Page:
The biggest challenge with any lesson that you’re trying to convey to your kids is finding a way to make it stick. Sure, you can tell them why something is important and even give them a perfect example that they are bound to understand, but this is not guaranteed. Instead, you need to be extra creative.
This is especially important when it comes to the matter of money and finances. Namely, their relationship with money needs to be established as early as possible. Knowing how to manage their money will predetermine them for success or doom them to fail in every financial endeavor.
Still, important as it may be, how does one actually pull it off? Here are some ideas to help you get going.
Use Media to Your Advantage
One of the ways to ensure that your kids have understood the information is to try and deliver it through the media. There are a lot of great cartoons that can subtly teach them about financial responsibility. For instance:
- Phineas and Ferb: The Lemonade Stand
- Arthur: Arthur’s Pet Business
- Max & Ruby: Bunny Money
The list goes on.
Fables like The Ant and The Grasshopper are another great way to send a powerful message. You see, the ant is not starving because he saved during the harvest season (while his income was high/existent).
Sometimes, even though the message is clear and masterfully inserted into the media format, your kids might have some trouble interpreting/understanding it. After all, while they might memorize everything that happens here, their reading comprehension might not still be as high. This is why you need to talk to them afterward and check if they understand what it’s all about.
Lastly, you should look for a theatre for children and see if there are any plays that fit your agenda. This old-school entertainment format might just be memorable enough for them to embrace this message even quicker.
Give Them an Allowance
You can start by giving them a bit of their own money – an allowance. This way, they have their own finances to manage. Now, it is important that you are both strict and fair. They either need to receive the same amount on a regular basis (in order to understand how regular income works) or (even better) they need to be paid based on their behavior and chores they performed.
If they want something, make sure to tell them that they should get it from their allowance. If one allowance isn’t enough, explain how they can set aside their allowance (or a percentage of their allowance) every time they receive it.
The key thing here is not to cave in and buy them the thing they want if they can’t afford it for too long. They need to save for it. It’s OK that you buy them something else. After all, there’s nothing more natural than spending money on your kid. However, this is the one example that they’re supposed to use as a valuable lesson.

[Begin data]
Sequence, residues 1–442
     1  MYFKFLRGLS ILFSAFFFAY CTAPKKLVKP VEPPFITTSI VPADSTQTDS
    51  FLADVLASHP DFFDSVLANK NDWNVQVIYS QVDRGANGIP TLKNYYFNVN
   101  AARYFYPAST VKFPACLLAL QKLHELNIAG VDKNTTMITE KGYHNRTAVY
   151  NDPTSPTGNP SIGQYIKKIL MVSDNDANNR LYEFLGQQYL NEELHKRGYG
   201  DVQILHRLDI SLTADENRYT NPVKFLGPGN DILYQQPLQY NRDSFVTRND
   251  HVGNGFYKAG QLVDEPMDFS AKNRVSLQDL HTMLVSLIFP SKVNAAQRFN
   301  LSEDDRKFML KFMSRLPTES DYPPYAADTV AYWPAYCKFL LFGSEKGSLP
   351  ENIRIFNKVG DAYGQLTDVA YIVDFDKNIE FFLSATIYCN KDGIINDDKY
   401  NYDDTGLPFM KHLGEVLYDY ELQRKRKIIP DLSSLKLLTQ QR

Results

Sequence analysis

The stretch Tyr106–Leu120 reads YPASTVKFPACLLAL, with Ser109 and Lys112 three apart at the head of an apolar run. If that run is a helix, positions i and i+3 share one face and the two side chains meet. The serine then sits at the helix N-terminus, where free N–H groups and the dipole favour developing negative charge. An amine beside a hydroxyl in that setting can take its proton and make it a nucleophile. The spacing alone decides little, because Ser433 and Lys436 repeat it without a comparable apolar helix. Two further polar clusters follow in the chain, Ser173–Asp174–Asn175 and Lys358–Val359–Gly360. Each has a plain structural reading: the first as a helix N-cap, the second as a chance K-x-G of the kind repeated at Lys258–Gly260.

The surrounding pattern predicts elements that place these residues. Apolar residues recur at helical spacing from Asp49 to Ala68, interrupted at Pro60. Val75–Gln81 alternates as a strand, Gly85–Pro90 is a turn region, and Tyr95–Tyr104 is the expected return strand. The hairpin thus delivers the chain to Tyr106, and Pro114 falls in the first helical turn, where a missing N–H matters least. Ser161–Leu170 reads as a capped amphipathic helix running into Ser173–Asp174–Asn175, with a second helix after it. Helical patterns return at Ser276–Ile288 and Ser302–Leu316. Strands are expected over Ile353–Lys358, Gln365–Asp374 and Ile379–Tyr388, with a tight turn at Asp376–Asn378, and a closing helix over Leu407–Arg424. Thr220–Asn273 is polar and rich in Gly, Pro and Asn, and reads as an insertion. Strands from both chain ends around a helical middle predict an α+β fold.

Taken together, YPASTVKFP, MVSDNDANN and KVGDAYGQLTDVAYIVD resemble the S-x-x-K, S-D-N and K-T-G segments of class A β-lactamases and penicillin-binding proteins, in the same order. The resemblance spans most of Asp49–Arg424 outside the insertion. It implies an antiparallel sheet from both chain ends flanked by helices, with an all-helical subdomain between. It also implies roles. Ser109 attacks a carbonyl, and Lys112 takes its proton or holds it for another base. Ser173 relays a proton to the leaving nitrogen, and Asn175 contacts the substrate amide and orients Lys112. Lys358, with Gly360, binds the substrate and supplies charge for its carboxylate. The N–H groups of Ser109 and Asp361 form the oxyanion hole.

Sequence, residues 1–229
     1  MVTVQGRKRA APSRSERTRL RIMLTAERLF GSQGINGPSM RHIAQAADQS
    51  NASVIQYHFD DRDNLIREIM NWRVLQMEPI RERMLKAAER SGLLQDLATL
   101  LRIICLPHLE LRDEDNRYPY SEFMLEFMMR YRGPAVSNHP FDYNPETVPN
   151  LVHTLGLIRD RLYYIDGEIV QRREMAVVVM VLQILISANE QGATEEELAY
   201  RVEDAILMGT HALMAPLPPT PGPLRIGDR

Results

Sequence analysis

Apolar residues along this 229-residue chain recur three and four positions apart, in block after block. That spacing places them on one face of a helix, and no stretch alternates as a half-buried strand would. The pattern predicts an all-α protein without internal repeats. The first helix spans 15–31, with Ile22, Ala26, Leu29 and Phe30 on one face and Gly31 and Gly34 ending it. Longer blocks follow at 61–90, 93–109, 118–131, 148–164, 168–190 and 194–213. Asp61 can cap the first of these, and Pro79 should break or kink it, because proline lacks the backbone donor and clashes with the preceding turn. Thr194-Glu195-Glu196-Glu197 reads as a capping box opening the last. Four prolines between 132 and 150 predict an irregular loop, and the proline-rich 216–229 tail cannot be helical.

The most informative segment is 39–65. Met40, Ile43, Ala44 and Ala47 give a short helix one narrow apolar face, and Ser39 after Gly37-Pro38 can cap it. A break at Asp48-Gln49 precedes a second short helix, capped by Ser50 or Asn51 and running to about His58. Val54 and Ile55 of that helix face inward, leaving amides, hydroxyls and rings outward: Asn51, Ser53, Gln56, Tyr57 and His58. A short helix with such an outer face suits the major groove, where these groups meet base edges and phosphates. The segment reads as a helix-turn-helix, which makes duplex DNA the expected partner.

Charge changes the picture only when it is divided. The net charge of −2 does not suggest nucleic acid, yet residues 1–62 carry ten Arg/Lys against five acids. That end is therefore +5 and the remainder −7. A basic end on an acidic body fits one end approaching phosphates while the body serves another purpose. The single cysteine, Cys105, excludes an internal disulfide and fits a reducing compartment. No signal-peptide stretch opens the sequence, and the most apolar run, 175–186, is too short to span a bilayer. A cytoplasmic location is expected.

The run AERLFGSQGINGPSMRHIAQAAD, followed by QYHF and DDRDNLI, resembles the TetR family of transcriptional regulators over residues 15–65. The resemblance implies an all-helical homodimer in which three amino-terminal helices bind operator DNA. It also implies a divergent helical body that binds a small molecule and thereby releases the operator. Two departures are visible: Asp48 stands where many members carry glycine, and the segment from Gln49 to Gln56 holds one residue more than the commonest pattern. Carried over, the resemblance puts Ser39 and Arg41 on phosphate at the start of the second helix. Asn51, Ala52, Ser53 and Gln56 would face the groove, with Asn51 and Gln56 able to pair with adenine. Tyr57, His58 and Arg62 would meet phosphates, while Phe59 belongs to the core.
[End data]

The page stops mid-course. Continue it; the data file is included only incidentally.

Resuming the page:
In the long run, the lesson they learn will be much more useful than anything that they want you to buy (at that age). This is true even if they want something that will allow them to pursue a creative interest or passion (like buying them a camera).
Gamify the Experience
One of the ways to make all of this more interesting would be to gamify the overall money-saving experience.
For instance, you should get them an interesting piggy bank so that they have a place where they can deposit the money. Keep in mind that the younger they are, the more fun they’ll have from the very act of putting their money in the piggy bank. In fact, even adults can benefit from saving plans (like a 52-weeks saving plan).
Video games can also play a huge role in teaching them financial responsibility. After all, strategy and RPG video games have their own currencies and their own economy. Some MMO (massively multiplayer online) even have their own financial systems and currencies that evolve and, in many ways, act like the real economy.
If you have more than one child, you can even turn this into a competition. The key thing is that they have so much fun that they fail to realize that they’re learning in the process. This task is not easy to achieve, but it’s possible with the right organization and motivation.
Be Honest About Money
Many parents believe that by sheltering their children from the hard reality of financial life, they’re doing them a favor. This is not necessarily the case.
- You see, telling your kids that they can’t get something because it’s not a priority is a good thing.
- Telling them that they need to wait until your next paycheck before you buy them something is also a good lesson (even if things are not necessarily so dire financially).
- Telling them that they’ll get something once their behavior improves or once they earn it is one of the best stances that you can assume in this situation.
The thing is that you’re telling them the truth. Sure, they shouldn’t worry about the money while they’re too young, but one’s budget and financial health are generally a serious matter. At the very least, they need to be aware of the fact that it’s something worth worrying about.
Solving all of their issues as soon as they pop up, never making them work for anything, and intervening whenever they start crying is bad. It will teach them a model that will be completely unsustainable once they reach a certain age.
In the end, you need to understand a couple of things. First, they’re never too young to start learning about the value of money. Two, this is your responsibility, and while there is a chance that someone else will step up, you should never pass on something so important to someone else. Lastly, you’re doing your child a huge favor, one that they will be thankful for, for the rest of their lives. Therefore, there are no higher priorities.